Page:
Mushet 200 Celebration in Coleford Forest of Dean

Robert Forester Mushet
Robert Forester Mushet

Robert Forester Mushet (1811–1891) was a British metallurgist born April 8, 1811, in Coleford, in the Forest of Dean. He was the youngest son of Scottish parents, Agnes Wilson and David Mushet; an ironmaster, formerly of the Clyde, Alfreton and Whitecliff Ironworks.

In 1818/9 David Mushet built a foundry at Darkhill, in the Forest of Dean. Robert spent his formative years studying metallurgy with his father and took over the management of Darkhill in 1845.  In 1848 he moved to the newly constructed Forest Steel Works on the edge of the Darkhill site where he carried out over ten thousand experiments, in just ten years, before moving to the Titanic Steelworks in 1862.  The remains of Darkhill are now preserved as an Industrial Archaeological Site of International Importance and are open to the public.

In 1856 Mushet was given a piece of steel, made using the Bessemer Process and asked if he could improve its poor quality. Bessemer himself had realised that the problem of quality was due to impurities in the iron and despite spending tens of thousands of pounds on experiments, he could improve it.  Mushet’s solution was simple, but elegant; he first burnt off, as far as possible, all the impurities and carbon, then reintroduced carbon and manganese.  This had the effect of improving the quality of the finished product, increasing its malleability – its ability to withstand rolling and forging at high temperatures.

Whilst others made fortunes from his discoveries, Mushet failed to capitalise on his successes and by 1866 was destitute and in ill-health. In that year his 16 year old daughter, Mary, travelled to London alone, to confront Henry Bessemer at his offices, arguing that his success was based on the results of her father’s work.  Bessemer, whose own process for producing steel was not economically viable without Mushet’s method for improving quality, decided to pay Robert Mushet an annual pension of £300.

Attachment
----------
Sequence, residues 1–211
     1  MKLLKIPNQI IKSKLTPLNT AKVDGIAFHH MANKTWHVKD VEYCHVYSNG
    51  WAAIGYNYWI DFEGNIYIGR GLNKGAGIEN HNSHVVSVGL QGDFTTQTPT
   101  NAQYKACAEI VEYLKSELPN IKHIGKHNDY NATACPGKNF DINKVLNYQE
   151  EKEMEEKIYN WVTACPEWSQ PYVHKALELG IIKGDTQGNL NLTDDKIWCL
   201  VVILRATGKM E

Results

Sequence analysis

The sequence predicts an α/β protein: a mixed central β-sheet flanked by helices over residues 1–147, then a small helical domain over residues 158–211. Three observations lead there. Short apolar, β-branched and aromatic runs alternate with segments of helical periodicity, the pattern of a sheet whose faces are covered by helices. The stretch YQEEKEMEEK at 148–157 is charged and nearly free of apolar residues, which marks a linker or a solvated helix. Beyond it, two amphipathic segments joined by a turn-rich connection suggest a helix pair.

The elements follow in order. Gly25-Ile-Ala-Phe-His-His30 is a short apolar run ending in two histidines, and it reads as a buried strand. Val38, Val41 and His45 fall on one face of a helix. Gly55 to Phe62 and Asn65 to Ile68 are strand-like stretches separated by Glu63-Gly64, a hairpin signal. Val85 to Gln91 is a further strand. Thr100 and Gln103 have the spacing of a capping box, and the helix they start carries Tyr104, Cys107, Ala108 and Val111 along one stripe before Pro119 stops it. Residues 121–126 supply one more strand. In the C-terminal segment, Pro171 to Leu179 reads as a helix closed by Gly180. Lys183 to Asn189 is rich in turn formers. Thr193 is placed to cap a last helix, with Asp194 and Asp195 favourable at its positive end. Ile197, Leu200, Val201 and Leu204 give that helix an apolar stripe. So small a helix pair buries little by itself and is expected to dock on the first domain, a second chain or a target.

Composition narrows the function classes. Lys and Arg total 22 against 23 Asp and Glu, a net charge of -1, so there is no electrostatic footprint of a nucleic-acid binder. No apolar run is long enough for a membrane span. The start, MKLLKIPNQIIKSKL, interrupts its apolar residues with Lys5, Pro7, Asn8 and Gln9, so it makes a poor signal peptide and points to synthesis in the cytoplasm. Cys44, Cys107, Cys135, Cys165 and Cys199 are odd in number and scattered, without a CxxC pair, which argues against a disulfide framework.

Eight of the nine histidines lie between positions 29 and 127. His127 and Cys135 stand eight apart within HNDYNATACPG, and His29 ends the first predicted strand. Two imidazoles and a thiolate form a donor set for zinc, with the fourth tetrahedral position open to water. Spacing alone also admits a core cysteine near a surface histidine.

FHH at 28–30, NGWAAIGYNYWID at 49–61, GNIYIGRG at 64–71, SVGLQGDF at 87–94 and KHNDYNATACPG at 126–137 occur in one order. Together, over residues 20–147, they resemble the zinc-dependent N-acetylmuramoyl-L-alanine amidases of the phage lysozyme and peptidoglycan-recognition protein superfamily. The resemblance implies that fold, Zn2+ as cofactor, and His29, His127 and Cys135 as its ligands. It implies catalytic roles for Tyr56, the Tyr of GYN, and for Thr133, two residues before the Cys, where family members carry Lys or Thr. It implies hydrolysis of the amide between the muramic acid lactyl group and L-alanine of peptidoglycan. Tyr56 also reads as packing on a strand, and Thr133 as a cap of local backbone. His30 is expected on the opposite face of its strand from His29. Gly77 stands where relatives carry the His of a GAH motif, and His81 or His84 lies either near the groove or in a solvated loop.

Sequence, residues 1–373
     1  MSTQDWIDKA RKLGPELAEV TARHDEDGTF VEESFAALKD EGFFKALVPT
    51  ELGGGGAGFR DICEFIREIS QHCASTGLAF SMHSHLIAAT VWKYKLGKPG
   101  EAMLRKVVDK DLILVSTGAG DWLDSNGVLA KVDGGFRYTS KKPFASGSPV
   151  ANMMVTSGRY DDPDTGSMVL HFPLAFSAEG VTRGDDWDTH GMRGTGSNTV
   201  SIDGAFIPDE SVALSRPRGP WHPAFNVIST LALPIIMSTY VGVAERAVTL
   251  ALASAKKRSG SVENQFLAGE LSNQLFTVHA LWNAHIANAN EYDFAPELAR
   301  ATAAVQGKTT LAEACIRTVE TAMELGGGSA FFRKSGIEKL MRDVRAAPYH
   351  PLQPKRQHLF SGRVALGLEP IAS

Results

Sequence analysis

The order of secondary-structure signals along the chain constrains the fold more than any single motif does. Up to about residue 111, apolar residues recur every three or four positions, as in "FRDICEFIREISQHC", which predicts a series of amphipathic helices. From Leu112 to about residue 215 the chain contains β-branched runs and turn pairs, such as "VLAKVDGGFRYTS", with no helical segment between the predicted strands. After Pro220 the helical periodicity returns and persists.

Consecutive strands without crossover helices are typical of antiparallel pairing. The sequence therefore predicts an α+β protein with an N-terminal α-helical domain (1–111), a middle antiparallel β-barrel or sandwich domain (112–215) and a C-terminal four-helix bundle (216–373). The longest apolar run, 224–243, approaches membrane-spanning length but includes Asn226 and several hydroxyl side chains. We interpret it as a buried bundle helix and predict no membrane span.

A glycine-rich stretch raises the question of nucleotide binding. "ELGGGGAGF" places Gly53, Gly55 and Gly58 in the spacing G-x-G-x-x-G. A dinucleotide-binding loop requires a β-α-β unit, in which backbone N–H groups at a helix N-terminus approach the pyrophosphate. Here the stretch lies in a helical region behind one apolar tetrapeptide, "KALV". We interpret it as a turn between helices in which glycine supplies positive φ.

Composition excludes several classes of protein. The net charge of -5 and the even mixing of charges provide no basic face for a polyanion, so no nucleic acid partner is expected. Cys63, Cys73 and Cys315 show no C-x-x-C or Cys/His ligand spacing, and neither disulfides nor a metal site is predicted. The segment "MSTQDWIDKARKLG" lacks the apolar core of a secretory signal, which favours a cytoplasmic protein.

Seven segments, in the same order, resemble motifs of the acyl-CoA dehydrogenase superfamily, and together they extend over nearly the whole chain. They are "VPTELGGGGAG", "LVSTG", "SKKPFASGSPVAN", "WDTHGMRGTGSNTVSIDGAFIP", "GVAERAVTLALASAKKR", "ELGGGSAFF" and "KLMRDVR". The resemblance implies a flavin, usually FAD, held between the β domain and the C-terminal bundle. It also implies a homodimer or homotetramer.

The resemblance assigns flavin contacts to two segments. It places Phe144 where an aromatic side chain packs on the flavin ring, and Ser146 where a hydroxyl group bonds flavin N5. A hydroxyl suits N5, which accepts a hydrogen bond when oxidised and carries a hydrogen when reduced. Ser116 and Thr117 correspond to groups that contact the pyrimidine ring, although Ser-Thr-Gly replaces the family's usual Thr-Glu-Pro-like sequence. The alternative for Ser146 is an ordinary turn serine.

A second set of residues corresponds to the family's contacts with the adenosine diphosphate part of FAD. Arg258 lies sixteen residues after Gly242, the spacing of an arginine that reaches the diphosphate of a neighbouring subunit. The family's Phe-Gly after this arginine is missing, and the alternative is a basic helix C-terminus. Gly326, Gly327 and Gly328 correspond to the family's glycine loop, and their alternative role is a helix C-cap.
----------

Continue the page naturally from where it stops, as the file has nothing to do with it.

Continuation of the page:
Robert Mushet died on January 29, 1891 in Cheltenham.  

In April 2011 we celebrate the 200 anniversary of Mushets birth with a series of events in and around Coleford.

Friday 8th April

09.30  Street Market in Coleford town centre.

10.00  School Children will arrive in costume. They will sing and play music at the Clock Tower and other points around the centre.  The Town Crier will announce the birth of the baby Robert at Tump House (now the Forest House Hotel).  The children will visit The Main Place exhibitions and return to school in time for lunch.

15.00 to 1700 Fresh cream teas available at The Forest House Hotel.  By ticket only £3.95 per head.

Saturday 9th April

10.00  Town Centre Market with local producers

10.45  Talk on the Mushets by Ian Standing at The Main Place.  Teas and coffee available Dancers on the Town Centre

Sunday 10th April

At 11.00 and 15.00.  Walk from Coleford to the site of the Titanic Steel Works and Dark Hill Ironworks. Led by Jon Hoyle of the Gloucestershire County Council’s Archaeology department. Two groups of 20 maximum. Booking required. Phone -01594 836469.

All Weekend

At The Main Place:  Exhibitions by the Coleford Area Partnership, Forest of Dean Local History Society, Gloucestershire Geology Trust, and the “Above the Wye Project” to daily.

At Dean Heritage Centre, Soudley: Exhibition prepared by Centre Staff and Volunteers.

Why not visit the family graves over the weekend or at some other time? 

Staunton Church, near Coleford: David and Agnes Mushet, Daughters Henrietta and Agnes, and William Jarratt, grandson.  Staunton Church has Norman origins and is well worth visiting.

Cheltenham Cemetery: Robert Forester and Mary Ann (nee Thomas). Daughter Lisowna who visited Bessemer at the age of 16 to ask for his financial help for her poverty stricken father.


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